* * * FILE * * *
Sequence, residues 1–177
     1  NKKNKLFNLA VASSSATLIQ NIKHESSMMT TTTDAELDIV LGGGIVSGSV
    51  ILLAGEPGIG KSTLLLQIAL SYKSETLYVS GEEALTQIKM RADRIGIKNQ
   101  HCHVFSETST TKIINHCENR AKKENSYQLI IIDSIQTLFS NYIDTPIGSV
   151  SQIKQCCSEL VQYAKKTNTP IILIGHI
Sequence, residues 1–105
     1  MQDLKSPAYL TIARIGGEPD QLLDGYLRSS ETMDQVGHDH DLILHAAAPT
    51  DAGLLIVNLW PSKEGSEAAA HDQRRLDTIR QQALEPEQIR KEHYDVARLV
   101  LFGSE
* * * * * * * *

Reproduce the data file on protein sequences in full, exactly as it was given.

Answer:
Sequence, residues 1–177
     1  NKKNKLFNLA VASSSATLIQ NIKHESSMMT TTTDAELDIV LGGGIVSGSV
    51  ILLAGEPGIG KSTLLLQIAL SYKSETLYVS GEEALTQIKM RADRIGIKNQ
   101  HCHVFSETST TKIINHCENR AKKENSYQLI IIDSIQTLFS NYIDTPIGSV
   151  SQIKQCCSEL VQYAKKTNTP IILIGHI
Sequence, residues 1–105
     1  MQDLKSPAYL TIARIGGEPD QLLDGYLRSS ETMDQVGHDH DLILHAAAPT
    51  DAGLLIVNLW PSKEGSEAAA HDQRRLDTIR QQALEPEQIR KEHYDVARLV
   101  LFGSE